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A342156 For n > 2, a(n) = 0,1,2, or 3 when (prime(n+1) mod 6, prime(n) mod 6) = (1,1),(1,5),(5,1), or (5,5), respectively. 2
1, 2, 1, 2, 1, 2, 3, 1, 0, 2, 1, 2, 3, 3, 1, 0, 2, 1, 0, 2, 3, 1, 2, 1, 2, 1, 2, 1, 2, 3, 1, 2, 1, 0, 0, 2, 3, 3, 1, 2, 1, 2, 1, 0, 0, 2, 1, 2, 3, 1, 2, 3, 3, 3, 1, 0, 2, 1, 2, 1, 2, 1, 2, 1, 0, 2, 1, 2, 3, 1, 0, 0, 2, 3, 1, 2, 1, 2, 1, 2, 1, 0, 2, 3, 1, 2, 1, 2, 3, 1, 2, 1, 2, 3, 3, 1, 0, 0, 2, 3, 3, 1, 0, 2, 3, 3 (list; graph; refs; listen; history; text; internal format)
OFFSET

3,2

COMMENTS

Let p=prime(n), q=prime(n+1). There are only 4 possible combinations for pairs of consecutive primes modulo 6:

.

  a(n)|   q  |   p  |    q-p    | (q-p) mod 6 | (q-p) mod 3

  ----+------+------+-----------+-------------+------------

    0 | 6m+1 | 6k+1 | 6*(m-k)   |      0      |      0

    1 | 6m+1 | 6k+5 | 6*(m-k)-4 |   -4 or 2   |   -1 or 2

    2 | 6m+5 | 6k+1 | 6*(m-k)+4 |      4      |      1

    3 | 6m+5 | 6k+5 | 6*(m-k)   |      0      |      0

.

for some positive integers n,m,k.

For triples of consecutive primes p,q,s, there are only 8 possible combinations:

.

  {a(n),a(n+1)} | s=prime(n+2) | q=prime(n+1) | p=prime(n)

  --------------+--------------+--------------+-----------

      {0,0}     |     6r+1     |     6m+1     |    6k+1

      {2,1}     |     6r+1     |     6m+5     |    6k+1

      {1,0}     |     6r+1     |     6m+1     |    6k+5

      {3,1}     |     6r+1     |     6m+5     |    6k+5

      {0,2}     |     6r+5     |     6m+1     |    6k+1

      {2,3}     |     6r+5     |     6m+5     |    6k+1

      {1,2}     |     6r+5     |     6m+1     |    6k+5

      {3,3}     |     6r+5     |     6m+5     |    6k+5

.

Then are only 8 possible pairs of consecutive terms {a(n), a(n+1)}: {0,0}, {0,2}, {1,0}, {1,2}, {2,1}, {2,3}, {3,1}, {3,3}; 8 pairs of consecutive terms are impossible: {0,1}, {0,3}, {1,1}, {1,3}, {2,0}, {2,2}, {3,0}, {3,2}, which follows the fact that the central prime in each triple can't be congruent to 1 (mod 6) AND congruent to 5 (mod 6) (it is congruent either to 1 or 5 (mod 6).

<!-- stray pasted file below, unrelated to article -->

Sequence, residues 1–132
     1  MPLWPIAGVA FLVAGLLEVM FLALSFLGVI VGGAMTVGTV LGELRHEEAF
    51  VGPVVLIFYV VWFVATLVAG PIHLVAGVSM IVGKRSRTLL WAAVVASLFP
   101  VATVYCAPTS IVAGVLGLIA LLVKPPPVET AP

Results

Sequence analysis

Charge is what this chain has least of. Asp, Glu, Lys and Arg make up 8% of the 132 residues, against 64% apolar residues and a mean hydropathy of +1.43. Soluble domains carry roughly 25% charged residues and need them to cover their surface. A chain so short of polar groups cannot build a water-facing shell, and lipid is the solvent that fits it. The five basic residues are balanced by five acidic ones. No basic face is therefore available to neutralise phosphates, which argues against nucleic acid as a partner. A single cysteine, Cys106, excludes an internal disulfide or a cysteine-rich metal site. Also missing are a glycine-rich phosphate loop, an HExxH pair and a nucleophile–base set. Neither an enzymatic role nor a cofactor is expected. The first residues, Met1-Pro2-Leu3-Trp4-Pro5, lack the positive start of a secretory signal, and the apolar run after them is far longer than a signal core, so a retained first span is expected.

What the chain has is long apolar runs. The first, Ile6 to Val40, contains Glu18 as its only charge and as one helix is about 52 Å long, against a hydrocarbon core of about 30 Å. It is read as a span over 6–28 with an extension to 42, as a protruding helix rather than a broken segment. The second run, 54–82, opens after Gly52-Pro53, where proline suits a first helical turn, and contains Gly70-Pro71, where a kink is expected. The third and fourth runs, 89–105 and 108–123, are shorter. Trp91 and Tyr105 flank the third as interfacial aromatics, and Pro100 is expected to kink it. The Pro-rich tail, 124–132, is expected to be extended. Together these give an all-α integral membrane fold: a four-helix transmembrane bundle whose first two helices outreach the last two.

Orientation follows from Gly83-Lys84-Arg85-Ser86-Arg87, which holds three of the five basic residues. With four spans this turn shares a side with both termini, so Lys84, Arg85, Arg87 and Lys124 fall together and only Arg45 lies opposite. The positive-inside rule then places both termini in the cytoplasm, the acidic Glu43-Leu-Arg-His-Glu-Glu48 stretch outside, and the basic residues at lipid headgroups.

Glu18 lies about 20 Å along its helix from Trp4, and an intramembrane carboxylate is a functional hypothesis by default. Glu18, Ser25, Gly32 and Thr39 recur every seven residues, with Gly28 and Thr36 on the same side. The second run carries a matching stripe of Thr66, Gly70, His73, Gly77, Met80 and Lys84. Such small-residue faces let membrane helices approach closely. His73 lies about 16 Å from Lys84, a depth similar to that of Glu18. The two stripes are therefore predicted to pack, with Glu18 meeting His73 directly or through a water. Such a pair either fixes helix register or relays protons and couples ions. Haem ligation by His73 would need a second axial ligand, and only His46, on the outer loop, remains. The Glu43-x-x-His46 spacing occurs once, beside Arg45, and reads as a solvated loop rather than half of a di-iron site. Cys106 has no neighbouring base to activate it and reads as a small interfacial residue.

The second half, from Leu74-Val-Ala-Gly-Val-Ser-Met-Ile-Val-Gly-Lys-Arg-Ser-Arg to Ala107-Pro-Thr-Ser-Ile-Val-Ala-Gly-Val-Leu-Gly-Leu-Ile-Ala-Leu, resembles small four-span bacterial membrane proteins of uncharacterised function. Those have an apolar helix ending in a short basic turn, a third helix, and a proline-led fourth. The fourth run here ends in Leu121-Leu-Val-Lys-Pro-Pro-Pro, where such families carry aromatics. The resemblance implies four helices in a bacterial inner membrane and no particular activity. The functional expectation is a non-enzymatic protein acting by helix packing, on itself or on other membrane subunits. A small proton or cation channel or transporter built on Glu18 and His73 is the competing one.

We can create a dichotomic graph structure for triples, quadruples, ... and so on to infinity; every time we have that same number 2^k possible and 2^k impossible cases.

set possible pairs {0,0},{0,2},{1,0},{1,2},{2,1},{2,3},{3,1},{3,3} reduced modulo 3 to {0,0},{0,-1},{1,0},{1,-1},{-1,1},{-1,0},{0,1},{0,0} and different are {0,0},{0,1},{0,-1},{1,0},{1,-1},{-1,1},{-1,0}

set impossible pairs {0,1},{0,3},{1,1},{1,3},{2,0},{2,2},{3,0},{3,2} reduced modulo 3 to {0,1},{0,0},{1,1},{1,0},{-1,0},{-1,-1},{0,0},{0,1} and different are {0,1},{0,0},{1,1},{1,0},{-1,0},{-1,-1}

Theorem B in A341952 is proved on the basis of the above.

Because Theorem A in A341765 is equivalent, Theorem B in A341952 also is proved that same way.

LINKS

Table of n, a(n) for n=3..108.

FORMULA

A341765(n+1) = a(n) mod 3 and later we change 2 -> -1.

EXAMPLE

a(1)=1 because (note that offset is 3 and primes 2,3 are excluded) prime(3+1) = 7 == 1 (mod 6) and prime(3) = 5 == 5 (mod 6), which is the case in which a(n)=1.

MATHEMATICA

pp = {}; Do[If[Mod[Prime[n + 1], 6] == 1 && Mod[Prime[n], 6] == 1, AppendTo[pp, 0], If[Mod[Prime[n + 1], 6] == 5 && Mod[Prime[n], 6] == 1, AppendTo[pp, 2], If[Mod[Prime[n + 1], 6] == 1 && Mod[Prime[n], 6] == 5, AppendTo[pp, 1], If[Mod[Prime[n + 1], 6] == 5 && Mod[Prime[n], 6] == 5, AppendTo[pp, 3]]]]], {n, 3, 108}]; pp

CROSSREFS

Cf. A341765, A341952.

Sequence in context: A328771 A279371 A134156 * A324884 A067815 A133780

Adjacent sequences:  A342153 A342154 A342155 * A342157 A342158 A342159

KEYWORD

nonn

AUTHOR

Artur Jasinski, Mar 02 2021

STATUS

approved

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Last modified October 24 05:38 EDT 2021. Contains 348217 sequences. (Running on oeis4.)